It’s spring – my favorite time of year in Sinai! Especially after a particularly wet winter since that means our desert plants are thriving and the goats and sheep have plenty to graze. Recently, we met Freyj, one of Bedouin History’s drivers and guides, at his daughter’s springtime camp in the desert. We were welcomed with smiles and a light lunch of fresh bread and goat milk. It didn’t take long for the children to wander over to see their grandfather and his foreign friends. Freyj knows well my passion for plants and photography and knew I would be eager to explore the surrounding desert. Recalling our failed attempts last year to locate one of the edible plants, Zeinab, one of Freyj’s young granddaughters, eagerly offered to get her digging tools and lead our exploration. So we set off with Zeinab, Farah, Mohamed, and Omar to forage for tummayr (تِمِّير), the Bedouin name for Erodium crassifolium.
Known in English as Desert Storks-bill or Hoary-leaved Heron’s-bill, this plant has an edible tuber that grows deep in the ground. But there are eight different Erodium species growing in Sinai so finding the right one involves a knowledge of what tummayr leaves look like and where they grow. All Erodiums have fruit that look like long bird beaks, hence their common English name, but each species has distinct leaves.
Zeinab and the other children are a wealth of information about the local plants, especially the edible ones, as foraging for these are a favorite past time of the Bedouin children who live in the desert for a few months of the year.
I followed Zeinab through the wadi, trying to keep up with her quick steps and even quicker digging abilities. I try to figure out which Storks-bills are the ones we are looking for and was cheered on by Zeinab when I correctly point out a large tummayr plant.
Zeinab dug quickly, scanning the area to check on the progress of the boys, who are leading their own expedition with my husband. It seems that this had turned into a contest to see which “team” can find the most. But we are all successful and end up with handfuls of edible tubers! The children remove the skins with their fingernails and hand them to us to eat. The small potato-like tubers are sweet and crunchy.
Along the way, the children have also spotted sweet desert onions. They are so quick to dig these up that I never see what the plant looks like when it is still rooted in the earth. The onions, possibly an Allium species, are sweeter and juicier than the tummayr. And easier to reach as they are not buried so deep in the rocky ground.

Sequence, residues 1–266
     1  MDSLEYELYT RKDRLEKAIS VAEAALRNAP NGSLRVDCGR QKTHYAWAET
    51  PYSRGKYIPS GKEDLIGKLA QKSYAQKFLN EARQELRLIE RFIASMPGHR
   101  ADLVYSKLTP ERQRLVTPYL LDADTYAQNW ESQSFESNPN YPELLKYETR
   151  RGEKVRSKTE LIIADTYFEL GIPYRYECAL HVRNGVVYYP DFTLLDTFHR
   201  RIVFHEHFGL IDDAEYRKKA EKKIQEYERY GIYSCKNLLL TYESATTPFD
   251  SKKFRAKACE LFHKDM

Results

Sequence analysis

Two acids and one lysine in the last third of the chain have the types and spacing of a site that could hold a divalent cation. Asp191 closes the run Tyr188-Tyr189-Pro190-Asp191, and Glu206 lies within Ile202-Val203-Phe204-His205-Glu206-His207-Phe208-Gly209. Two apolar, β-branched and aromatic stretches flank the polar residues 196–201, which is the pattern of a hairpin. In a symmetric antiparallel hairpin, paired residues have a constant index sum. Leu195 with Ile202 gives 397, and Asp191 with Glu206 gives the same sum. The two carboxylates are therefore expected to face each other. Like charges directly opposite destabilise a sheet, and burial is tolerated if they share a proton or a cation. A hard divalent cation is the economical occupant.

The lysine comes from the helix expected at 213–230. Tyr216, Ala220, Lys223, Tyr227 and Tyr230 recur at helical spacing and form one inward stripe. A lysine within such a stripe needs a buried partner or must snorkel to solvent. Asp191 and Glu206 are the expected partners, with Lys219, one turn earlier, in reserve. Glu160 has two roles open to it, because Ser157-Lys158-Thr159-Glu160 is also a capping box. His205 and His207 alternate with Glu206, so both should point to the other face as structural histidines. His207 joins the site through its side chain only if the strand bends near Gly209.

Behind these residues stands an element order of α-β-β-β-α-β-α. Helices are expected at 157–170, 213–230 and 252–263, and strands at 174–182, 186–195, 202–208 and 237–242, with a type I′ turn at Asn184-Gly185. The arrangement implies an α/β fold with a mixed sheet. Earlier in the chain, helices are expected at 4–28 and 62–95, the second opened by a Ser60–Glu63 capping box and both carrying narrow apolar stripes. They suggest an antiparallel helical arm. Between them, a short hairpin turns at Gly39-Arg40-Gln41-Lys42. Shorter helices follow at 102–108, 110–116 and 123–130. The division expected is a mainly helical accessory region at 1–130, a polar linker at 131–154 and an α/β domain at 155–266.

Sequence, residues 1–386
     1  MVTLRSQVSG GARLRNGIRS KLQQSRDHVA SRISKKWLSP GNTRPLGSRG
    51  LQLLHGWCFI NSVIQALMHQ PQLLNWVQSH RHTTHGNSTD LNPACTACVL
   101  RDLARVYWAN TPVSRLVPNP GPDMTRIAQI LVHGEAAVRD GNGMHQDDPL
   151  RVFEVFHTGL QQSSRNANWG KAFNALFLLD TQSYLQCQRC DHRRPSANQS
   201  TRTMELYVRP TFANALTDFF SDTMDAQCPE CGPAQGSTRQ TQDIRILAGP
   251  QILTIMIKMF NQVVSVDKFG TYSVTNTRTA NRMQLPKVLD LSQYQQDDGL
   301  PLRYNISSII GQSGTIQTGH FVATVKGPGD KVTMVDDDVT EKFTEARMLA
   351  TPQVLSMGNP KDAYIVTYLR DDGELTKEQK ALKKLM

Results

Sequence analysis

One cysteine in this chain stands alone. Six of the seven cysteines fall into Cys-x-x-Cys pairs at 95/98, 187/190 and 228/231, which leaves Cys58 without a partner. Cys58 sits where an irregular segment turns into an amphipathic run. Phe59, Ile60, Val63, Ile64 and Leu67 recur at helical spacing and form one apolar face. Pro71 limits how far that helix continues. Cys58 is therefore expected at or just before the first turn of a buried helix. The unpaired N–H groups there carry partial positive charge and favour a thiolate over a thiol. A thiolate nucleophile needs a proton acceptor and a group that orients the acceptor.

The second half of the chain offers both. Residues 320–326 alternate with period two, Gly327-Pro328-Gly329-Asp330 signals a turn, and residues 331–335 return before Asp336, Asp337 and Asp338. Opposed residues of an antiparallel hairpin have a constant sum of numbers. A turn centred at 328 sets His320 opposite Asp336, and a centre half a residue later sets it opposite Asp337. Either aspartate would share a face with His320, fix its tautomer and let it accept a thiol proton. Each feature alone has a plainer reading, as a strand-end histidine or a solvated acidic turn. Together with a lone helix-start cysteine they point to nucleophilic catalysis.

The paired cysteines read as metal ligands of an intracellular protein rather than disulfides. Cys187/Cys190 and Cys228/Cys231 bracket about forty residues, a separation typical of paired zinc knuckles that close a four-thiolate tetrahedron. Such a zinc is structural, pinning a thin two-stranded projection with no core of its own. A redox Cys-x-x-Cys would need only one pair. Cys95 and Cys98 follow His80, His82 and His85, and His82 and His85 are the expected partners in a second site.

We returned to camp to share our foraged goodies with the other adults at camp, but they showed little interest in eating our treats. It seems foraging with friends is a childhood habit, something to entertain them during the long days in the desert. How lucky I am to have such amazing young friends!
Read more about how the Bedouin live during the spring:
Three years ago, driven by childhood memories of sweet, juicy tomatoes and a desire for organic vegetables, Eid began a search for seeds. He didn’t want just any seeds and he definitely did not want the seeds available on the market, expensive ones sold by multinational companies. So he started asking around, inquiring with Bedouin in Sinai to see if anyone had seeds saved from their past crops. Eid had no difficulty collecting melon, wheat, and barley seeds that have been growing in Sinai for years, but he could not find anyone who had tomato or cucumber seeds. Determined to find a source of seeds for the plants that once grew in Sinai, Eid set out on a mission. With his knowledge of the geography of Sinai, he began searching for the old campsites, where 40 – 50 years ago, Bedouin would spend the winter months. Eid confirmed that the campsites were old and often-used by looking at the fire pits. By digging beneath the sand, he determined which pits had deep layers of sand melted by the fires. The more layers, the older and more-used the fire was. Eid believed that these traditional campsites would have the seeds he was looking for because families would have left or thrown out seeds as they cooked their daily meals, leaving the area scattered with dried seeds. He decided he would irrigate a few of these places and see what would happen. In one of his chosen areas, Haduda, he regularly watered a patch of earth and waited patiently for something to grow. And something did – a few tomato plants have sprouted, flowered, and even fruited! Eid believes these are not your average tomato plants for the fruits do not look like any of the other tomatoes being grown locally. He believes this is the same variety of tomatoes that may have grown in Sinai years ago. Eid is determined to research this further, wanting to know exactly what type of tomato he is growing. His greatest desire is to have local seeds that have not been tampered with genetically or chemically so that the Bedouin can cultivate local organic vegetables. For now, he awaits the ripening of his tomatoes.